All posts under Feature
Destiny

By on July 23, 2014 at 3:00 pm

The more I play Destiny, the more I struggle to define what keeps drawing me back in.

On the surface, there’s a lot to offer. Perhaps it’s the way Destiny manages to recycle much of the same content while still keeping it fresh and enjoyable — something many other MMOs have not been able to do. The combat is satisfying in a way that many shooters fail to execute correctly, because they either make the enemies too easy or too difficult. Charging through the nameless hordes, organically pouring out of dropships or quietly shuffling around the guarded shells of a dead Earth, continues to excite especially after you find that great new weapon or apply that upgrade.

The grind still exists and Destiny isn’t pretending it isn’t there — it’s just going out of its way to make sure you’re still having fun while doing it.

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Survarium

By on July 14, 2014 at 12:48 pm

There are times when I’m playing a game — during those crucial stages where you desperately search for some sort of new mechanic or interesting function to latch on to — where I audibly sigh. I sigh because the game is uninspired, because I feel overly cynical for making such a snap judgement, and because I realise I’ve been playing and critiquing games for so long that it becomes second nature. Survarium made me sigh because I struggled to see the point of why it existed, in a sea of titles that were genuinely attempting to make a mark on the landscape and taking risks. The fact that the game took a shocking 36 hours to download should have given me an indication that the PVP-only beta I was about to play wasn’t even hosted properly.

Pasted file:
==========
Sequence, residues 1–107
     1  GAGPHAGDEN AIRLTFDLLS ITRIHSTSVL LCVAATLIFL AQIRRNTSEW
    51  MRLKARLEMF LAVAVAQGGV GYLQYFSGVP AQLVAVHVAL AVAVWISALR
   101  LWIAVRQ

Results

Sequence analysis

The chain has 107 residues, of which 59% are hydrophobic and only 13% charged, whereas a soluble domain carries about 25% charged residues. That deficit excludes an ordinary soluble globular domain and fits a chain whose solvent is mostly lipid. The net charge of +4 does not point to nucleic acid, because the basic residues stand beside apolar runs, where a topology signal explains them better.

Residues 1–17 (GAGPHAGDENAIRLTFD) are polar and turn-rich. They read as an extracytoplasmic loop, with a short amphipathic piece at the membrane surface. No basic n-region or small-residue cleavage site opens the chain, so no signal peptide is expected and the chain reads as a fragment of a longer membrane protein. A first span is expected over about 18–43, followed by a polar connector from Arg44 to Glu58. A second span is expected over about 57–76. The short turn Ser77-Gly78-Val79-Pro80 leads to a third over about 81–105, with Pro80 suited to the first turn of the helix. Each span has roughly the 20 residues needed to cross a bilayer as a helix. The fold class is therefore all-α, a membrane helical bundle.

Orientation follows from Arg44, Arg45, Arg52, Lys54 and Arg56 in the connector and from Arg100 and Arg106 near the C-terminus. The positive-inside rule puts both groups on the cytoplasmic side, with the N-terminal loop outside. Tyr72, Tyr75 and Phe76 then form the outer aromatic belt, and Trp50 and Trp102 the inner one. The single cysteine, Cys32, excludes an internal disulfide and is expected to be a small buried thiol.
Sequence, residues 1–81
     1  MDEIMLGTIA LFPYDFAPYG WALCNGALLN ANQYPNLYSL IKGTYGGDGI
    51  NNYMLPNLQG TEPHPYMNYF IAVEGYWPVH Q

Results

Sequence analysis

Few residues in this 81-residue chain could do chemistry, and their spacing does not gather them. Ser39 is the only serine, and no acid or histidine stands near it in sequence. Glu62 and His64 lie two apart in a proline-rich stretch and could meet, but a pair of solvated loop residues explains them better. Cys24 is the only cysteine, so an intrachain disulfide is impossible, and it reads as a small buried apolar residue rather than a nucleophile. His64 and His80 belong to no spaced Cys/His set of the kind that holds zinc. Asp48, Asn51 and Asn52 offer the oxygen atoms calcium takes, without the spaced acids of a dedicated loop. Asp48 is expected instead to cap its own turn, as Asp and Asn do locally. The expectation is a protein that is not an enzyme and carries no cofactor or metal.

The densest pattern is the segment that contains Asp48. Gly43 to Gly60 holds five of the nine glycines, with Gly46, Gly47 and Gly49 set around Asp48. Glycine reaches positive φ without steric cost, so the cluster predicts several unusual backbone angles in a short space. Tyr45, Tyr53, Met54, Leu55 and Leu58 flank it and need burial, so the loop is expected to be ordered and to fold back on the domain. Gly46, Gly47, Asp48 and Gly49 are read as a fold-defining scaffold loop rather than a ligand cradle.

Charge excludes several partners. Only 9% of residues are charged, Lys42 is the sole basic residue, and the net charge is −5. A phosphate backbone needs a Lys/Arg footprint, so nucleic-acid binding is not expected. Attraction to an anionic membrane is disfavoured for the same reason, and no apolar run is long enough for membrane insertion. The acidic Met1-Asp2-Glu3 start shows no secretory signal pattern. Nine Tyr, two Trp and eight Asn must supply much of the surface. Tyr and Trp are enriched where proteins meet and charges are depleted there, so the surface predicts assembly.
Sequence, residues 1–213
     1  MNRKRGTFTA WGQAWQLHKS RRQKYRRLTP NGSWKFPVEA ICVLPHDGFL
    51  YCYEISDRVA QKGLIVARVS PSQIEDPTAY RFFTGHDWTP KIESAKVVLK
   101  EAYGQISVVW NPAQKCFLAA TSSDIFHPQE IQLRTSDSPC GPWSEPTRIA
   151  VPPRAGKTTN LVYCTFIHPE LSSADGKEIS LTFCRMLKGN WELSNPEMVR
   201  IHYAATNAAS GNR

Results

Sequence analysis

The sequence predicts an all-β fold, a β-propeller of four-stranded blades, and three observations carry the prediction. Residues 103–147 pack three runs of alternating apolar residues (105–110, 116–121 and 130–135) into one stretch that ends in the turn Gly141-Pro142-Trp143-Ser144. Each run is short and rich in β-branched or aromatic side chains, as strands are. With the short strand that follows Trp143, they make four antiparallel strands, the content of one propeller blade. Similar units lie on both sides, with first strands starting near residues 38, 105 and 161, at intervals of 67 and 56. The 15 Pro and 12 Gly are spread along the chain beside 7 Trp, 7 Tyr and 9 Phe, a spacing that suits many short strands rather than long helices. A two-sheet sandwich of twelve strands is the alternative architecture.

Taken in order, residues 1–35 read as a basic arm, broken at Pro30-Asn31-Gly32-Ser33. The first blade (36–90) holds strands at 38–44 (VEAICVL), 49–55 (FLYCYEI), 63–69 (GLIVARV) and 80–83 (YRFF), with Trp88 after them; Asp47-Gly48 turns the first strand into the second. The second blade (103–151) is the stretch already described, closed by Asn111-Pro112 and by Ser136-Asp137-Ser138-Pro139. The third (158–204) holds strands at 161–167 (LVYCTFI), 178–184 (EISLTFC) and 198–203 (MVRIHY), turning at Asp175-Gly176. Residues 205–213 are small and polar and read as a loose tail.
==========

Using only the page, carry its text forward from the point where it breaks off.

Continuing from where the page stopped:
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Heroes of the Storm

By on July 10, 2014 at 11:13 am

It’s hardly a secret to anyone that the learning curve of a MOBA is about as close to vertical as any game gets, right up there with EVE Online, DCS UH-1H Huey and Battletoads. All of DOTA’s various successors have tried in one way or another to bolt some rungs onto that vertical wall: League of Legends removed denying and tried to sort players based on skill, DOTA 2 added an impressive in-game help system, and Heroes of Newerth… okay, HoN did nothing.

All of these things are great, but they didn’t go far enough. Let’s look at why Heroes of the Storm is knocking it out of the park and then punching the park in the face.

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Valiant Hearts

By on July 2, 2014 at 6:40 pm

It’s hard to reconcile the fact that there are actually two Ubisofts.

On the one hand you have BlockBuster Ubisoft who push out AAA games out a mile a minute with the best open-world technology and more side-quests and DLC than you can poke a stick at — and on the other hand you have Quirky Ubisoft, responsible for titles like the ridiculously fun Rayman Legends and the haunting Child of Light. Valiant Hearts, quite frankly, only makes this worse.

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Sniper Elite 3